OAAA Announcements & Services
OAAA Calculus Tutoring
Tuesdays 5:00 pm – 8:00 pm & Fridays 3:00 pm – 5:00 pm
OAAA in the WEB DuBois Conference Room
Statistics 2120 Support @ McIntire
Tuesdays - 5:00 PM – 7:00 pm - Rouse Robertson 118 - Food!
Contact Jessica Thornton (jat9xe@virginia..edu) for more information=
RTB 4.0 Study & Tutoring Sessions-Spring Semester
Sundays through Thursdays 5:00 pm – 8:00 pm
LPJ Black Cultural Center (study with Peer Advisors)
& WEB DuBois Conference Room (small group tutoring):
Monday – Open
Tuesday – Calculus (OAAA grad tutor)
Wednesday – Biology (peer)
Thursday – Open
For details, see Raising-the-Bar Coordinator: Soyini Nibbs (skn2eh).
RTB 4.0 – It’s Not Just for First Years’ Anymore!
LPJ Cultural Center
Come join us for food & fellowship!
Black College Women (BCW) Book Club Meetings
Every Second & Fourth Sunday -6:30 pm – Maury 113
Black President’s Council (BPC) Meetings
Every Second & Fourth Monday - 6:30 pm – Newcomb Hall Board Rm 376
Black College Women (BCW) - In the Company of my Sister
Every Wednesday (Starting February 22) - 12:00 pm - W.E.B Dubois Center Conference Room. Contact: Dean Mason (email@example.com) for more Information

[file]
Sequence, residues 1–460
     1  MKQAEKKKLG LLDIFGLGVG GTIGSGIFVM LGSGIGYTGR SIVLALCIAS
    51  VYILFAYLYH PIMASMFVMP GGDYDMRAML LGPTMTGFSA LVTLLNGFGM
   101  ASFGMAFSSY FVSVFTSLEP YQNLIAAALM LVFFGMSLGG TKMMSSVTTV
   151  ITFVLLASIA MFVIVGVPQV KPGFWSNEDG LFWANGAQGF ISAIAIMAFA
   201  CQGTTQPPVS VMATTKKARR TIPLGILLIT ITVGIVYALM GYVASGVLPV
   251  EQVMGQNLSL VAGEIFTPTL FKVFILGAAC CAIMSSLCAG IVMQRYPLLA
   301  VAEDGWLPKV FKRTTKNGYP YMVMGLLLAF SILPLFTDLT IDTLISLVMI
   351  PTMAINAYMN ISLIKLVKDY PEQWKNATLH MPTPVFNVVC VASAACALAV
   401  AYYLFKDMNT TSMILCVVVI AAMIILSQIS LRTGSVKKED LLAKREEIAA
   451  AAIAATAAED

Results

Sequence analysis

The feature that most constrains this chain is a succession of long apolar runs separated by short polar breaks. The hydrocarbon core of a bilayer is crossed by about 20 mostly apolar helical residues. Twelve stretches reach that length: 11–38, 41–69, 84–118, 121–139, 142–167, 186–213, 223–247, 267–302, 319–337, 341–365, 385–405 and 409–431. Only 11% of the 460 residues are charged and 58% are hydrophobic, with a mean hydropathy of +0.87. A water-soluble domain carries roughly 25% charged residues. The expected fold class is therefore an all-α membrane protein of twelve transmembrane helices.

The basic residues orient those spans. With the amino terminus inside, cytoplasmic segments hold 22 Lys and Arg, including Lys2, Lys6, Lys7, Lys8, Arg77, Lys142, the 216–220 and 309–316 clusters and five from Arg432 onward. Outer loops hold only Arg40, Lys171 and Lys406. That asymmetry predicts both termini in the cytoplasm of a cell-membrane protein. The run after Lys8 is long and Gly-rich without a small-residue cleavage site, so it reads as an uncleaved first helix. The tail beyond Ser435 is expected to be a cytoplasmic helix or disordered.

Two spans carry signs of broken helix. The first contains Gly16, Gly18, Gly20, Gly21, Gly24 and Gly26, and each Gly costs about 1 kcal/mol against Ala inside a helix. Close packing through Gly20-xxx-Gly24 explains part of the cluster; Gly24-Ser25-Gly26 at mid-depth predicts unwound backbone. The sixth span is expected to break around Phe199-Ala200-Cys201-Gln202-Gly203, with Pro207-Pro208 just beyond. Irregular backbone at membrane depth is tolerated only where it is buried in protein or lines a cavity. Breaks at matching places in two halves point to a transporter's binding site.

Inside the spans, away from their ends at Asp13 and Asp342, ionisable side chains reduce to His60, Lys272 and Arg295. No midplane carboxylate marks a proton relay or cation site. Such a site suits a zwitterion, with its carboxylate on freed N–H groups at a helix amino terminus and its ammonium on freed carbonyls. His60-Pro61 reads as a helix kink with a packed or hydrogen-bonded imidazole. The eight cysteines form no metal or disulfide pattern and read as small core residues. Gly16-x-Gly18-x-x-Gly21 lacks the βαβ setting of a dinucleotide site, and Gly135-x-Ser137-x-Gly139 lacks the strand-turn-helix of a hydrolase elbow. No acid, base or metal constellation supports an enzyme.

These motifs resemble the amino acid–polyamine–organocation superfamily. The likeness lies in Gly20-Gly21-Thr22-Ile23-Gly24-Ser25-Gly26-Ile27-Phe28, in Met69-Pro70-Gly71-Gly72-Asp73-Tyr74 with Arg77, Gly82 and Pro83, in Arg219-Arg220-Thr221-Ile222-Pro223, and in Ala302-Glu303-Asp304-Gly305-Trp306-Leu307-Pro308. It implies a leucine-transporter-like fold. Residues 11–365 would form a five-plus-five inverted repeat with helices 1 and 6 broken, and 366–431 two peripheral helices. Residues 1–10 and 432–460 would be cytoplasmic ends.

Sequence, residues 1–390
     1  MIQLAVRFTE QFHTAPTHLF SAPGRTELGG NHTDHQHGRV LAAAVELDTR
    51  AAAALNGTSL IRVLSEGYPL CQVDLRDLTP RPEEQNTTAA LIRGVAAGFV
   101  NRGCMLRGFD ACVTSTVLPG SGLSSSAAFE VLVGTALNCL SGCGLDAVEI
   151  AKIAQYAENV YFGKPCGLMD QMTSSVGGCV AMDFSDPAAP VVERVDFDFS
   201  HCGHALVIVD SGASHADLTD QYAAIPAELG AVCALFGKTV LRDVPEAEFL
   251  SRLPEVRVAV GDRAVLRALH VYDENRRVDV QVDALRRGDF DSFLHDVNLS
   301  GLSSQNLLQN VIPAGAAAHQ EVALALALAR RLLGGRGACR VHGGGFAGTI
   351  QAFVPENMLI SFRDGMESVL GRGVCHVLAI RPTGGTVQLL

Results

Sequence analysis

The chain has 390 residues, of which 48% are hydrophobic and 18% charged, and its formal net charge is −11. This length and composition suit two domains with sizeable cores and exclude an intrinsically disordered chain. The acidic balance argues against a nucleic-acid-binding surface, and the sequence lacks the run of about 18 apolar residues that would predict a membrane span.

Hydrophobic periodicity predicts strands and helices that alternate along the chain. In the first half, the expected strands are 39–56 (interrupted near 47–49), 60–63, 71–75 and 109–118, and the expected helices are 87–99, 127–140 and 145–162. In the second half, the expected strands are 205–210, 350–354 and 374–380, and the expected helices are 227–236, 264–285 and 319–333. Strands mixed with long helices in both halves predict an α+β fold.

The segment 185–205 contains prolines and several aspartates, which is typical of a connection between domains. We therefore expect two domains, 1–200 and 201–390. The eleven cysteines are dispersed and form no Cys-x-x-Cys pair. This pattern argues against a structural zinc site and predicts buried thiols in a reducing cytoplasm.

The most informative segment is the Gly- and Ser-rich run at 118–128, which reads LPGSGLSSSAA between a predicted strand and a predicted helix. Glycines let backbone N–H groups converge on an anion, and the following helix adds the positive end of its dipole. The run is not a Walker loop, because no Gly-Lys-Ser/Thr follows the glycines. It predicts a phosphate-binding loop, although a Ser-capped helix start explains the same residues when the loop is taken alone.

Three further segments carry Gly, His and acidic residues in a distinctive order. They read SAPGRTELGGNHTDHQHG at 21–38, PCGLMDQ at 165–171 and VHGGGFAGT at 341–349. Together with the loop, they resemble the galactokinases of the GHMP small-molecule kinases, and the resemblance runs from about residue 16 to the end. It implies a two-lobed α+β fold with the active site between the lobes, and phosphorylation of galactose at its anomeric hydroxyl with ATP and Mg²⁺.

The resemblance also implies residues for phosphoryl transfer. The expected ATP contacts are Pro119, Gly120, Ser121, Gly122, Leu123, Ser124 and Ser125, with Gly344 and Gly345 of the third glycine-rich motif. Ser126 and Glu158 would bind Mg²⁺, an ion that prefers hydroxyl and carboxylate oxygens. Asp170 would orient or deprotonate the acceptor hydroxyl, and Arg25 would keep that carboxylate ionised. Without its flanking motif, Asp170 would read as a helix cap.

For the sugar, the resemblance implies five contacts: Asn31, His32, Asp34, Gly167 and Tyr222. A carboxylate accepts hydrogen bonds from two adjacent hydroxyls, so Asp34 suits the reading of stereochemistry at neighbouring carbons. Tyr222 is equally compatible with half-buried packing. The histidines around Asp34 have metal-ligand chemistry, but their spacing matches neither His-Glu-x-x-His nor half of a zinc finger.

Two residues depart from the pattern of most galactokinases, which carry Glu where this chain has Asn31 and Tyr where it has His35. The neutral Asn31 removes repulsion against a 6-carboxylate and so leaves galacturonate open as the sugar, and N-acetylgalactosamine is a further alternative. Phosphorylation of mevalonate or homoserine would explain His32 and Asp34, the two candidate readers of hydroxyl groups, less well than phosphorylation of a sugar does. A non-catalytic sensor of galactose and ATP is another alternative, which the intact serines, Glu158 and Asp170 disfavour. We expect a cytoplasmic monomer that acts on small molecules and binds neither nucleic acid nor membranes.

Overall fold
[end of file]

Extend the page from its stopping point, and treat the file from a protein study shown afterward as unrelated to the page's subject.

Black Male Initiative (BMI) Meetings
Every Second & Fourth Wednesday (Starting February 20) – 6:30 pm – Newcomb Hall – Commonwealth Room
Upcoming Events at UVA (All events are free and open to the public unless otherwise noted.)
Symposium: Spirit in the Dark
Friday, March 29 & Saturday, March 30 – 9:00 pm – The Rotunda/The Dome Room 1826 University Avenue Charlottesville, VA 22904
Commemorating 50 years of James Cone’s groundbreaking book, Black Theology & Black Power.
The Fluvanna County African American History Exhibit
Saturday, April 6, 2019 – 2:00 pm-4:00 pm – Fluvanna County Library - 214 Commons Blvd. - Palmyra
The Fluvanna Leadership Development Program History Team invites you to Movie Premiere about the Exhibit